Thursday, 19 January 2012
Enter Shikari - A Flash Flood Of Colour
Last week, there was a general buzz in the air at how the Maccabees very nearly nabbed the No. 1 spot in the album charts - initial mid-week reports laid the groundwork for a guitar band beating off the likes of big pop artists like Adele and Bruno Mars (albeit in the notoriously poorly-selling January weeks).
And while the Maccabees ultimately ended up at a still very respectable No. 4, the situation looks set to repeat itself this week - but in this instance with Enter Shikari taking up the gauntlet.
For the dance-metal melding rock act, it'd be a major coup, but a thoroughly deserving one. A Flash Flood Of Colour is, in short, brilliant - particular highlights include the politically engaged Stalemate and the almost Streets-esque Constellations: all rhymed spoken word tales of being lost in an uncompromising world. Disaster vs. sustainability - the band leave it up for the listener to implement the ambition and drive for success on their own life.
Many albums can attain to sound 'of the time', but it is A Flash Flood Of Colour that truly engages with what our time is about. Cutting through headlines with an almost childlike singularity of mind, the album sees the crystallisation of a band at the peak of their powers - to see the record go No. 1 would be a bite back at arguably anti-Metal institutions like the BRIT / Mercury awards.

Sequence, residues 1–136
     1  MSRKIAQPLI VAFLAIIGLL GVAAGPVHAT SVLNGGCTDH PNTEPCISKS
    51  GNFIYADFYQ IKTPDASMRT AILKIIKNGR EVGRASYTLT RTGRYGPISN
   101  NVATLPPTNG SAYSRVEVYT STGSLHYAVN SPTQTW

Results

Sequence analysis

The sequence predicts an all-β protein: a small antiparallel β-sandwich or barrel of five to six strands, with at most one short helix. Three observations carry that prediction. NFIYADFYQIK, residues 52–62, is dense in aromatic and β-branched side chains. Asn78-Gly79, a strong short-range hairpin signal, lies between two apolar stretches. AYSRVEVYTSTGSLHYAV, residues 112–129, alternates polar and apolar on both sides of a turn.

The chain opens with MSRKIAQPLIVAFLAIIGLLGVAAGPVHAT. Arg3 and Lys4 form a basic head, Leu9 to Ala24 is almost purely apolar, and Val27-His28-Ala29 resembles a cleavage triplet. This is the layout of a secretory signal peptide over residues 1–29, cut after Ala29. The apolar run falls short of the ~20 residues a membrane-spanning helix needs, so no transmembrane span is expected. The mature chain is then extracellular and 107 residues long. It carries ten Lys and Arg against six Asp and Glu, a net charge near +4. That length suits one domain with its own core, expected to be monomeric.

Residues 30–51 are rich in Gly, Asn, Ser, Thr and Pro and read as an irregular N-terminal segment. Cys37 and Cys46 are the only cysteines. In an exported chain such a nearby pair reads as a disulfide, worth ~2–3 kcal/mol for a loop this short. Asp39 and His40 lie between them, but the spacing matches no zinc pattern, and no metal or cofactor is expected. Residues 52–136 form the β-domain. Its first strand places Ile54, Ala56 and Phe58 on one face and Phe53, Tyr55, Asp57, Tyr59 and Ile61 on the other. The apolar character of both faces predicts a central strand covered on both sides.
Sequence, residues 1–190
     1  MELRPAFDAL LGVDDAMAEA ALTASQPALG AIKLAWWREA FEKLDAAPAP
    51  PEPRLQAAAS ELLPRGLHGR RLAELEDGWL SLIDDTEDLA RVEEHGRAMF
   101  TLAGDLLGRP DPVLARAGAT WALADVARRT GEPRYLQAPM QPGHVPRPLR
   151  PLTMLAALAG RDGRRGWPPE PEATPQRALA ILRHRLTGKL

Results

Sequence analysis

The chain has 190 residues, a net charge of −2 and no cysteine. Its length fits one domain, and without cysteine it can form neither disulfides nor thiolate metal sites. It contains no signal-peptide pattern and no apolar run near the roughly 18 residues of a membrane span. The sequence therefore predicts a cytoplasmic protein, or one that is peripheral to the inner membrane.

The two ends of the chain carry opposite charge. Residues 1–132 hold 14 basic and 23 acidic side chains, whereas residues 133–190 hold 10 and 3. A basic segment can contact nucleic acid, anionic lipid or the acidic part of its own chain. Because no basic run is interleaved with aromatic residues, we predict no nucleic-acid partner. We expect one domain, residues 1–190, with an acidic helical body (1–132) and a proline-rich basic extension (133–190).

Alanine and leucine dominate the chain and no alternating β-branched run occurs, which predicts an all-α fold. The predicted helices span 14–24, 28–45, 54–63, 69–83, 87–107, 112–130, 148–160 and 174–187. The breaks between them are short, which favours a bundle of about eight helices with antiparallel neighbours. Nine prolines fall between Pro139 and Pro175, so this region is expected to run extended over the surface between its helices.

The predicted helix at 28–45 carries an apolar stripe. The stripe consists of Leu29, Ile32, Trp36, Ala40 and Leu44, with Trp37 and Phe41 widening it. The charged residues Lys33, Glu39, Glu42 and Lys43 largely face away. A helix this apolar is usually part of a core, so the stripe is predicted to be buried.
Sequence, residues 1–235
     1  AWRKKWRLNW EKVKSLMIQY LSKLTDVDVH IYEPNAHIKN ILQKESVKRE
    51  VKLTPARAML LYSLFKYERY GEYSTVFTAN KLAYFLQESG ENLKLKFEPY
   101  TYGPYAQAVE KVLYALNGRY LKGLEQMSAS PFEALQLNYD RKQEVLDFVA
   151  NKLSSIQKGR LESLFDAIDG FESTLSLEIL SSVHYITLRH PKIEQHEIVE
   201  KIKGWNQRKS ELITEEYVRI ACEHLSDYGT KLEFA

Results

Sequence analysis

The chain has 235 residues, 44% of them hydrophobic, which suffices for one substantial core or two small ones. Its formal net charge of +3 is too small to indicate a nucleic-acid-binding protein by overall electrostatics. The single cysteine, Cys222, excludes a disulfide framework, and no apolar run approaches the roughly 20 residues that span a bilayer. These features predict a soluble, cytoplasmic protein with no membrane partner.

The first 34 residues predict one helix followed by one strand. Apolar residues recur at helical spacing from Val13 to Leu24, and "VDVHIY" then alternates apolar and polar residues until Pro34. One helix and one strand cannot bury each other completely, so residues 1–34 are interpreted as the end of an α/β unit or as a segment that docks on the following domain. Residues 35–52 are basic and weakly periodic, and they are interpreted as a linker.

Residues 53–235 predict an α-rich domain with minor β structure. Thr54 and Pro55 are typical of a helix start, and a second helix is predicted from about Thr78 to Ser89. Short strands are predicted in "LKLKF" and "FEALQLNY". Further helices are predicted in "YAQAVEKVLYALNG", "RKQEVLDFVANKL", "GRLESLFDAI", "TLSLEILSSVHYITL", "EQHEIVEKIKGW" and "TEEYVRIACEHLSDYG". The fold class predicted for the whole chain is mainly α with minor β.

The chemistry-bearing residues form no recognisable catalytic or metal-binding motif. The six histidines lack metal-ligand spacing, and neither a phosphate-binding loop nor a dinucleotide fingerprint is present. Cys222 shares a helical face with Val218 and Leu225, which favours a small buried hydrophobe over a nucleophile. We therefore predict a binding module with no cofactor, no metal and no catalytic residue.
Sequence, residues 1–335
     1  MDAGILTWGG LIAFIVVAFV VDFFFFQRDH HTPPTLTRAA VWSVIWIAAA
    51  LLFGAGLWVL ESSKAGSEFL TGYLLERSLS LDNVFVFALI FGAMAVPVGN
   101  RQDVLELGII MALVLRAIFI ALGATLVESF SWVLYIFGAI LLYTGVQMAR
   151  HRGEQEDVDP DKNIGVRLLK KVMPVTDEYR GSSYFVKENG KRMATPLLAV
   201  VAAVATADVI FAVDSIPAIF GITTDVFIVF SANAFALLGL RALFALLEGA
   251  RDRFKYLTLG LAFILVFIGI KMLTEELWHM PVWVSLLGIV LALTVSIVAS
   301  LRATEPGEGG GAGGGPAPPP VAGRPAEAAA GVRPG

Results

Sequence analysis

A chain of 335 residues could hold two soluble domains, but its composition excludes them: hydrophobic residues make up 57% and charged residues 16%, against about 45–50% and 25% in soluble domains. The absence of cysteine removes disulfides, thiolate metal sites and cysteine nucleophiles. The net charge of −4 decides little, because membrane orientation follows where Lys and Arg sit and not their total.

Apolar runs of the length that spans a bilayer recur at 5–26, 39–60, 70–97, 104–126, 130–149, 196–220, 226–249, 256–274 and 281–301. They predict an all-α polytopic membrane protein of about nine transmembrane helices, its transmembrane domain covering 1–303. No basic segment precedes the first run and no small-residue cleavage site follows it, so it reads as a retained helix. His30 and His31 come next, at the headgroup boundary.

And that's not to say what the BRIT and Mercury awards do is wrong - personally I love keeping up to date with them and think they bring a vital sales boost to the industry - but there are certainly specific genres they overtly shy around, in the process ignoring many great albums. Enter Shikari nabbing that No. 1 would be only right for a band that have stuck in there when so many others have folded after disappointing sales of their sophomore effort.
What makes A Flash Flood Of Colour so brilliant though? It's there in the way it folds together stadium-sized hooks with the forefront of the dub-step-metal movement brought so wonderfully to the fore by Korn's Path of Totality last year. Oh, and the album is so definitively British - it could have only been here, made in England, that a band would have the bombacity and innate sense of quirk to title a single Gandhi Mate, Gandhi.
It's here that - alongside Constellations and Stalemate - that the record hits its peak. Passing through its various movements, from manifesto-like spoken-word intro to thumping acidic synth meltdown, from hardcore riff-slamming to the way Rou Reynolds reels off a wild cry of 'yabbadabbadoo' as if its place in a contemporary song is the stuff of everyday occurrence. It's electicism at its very best, concentrated down into one of the best rock LP's of the past twelve months.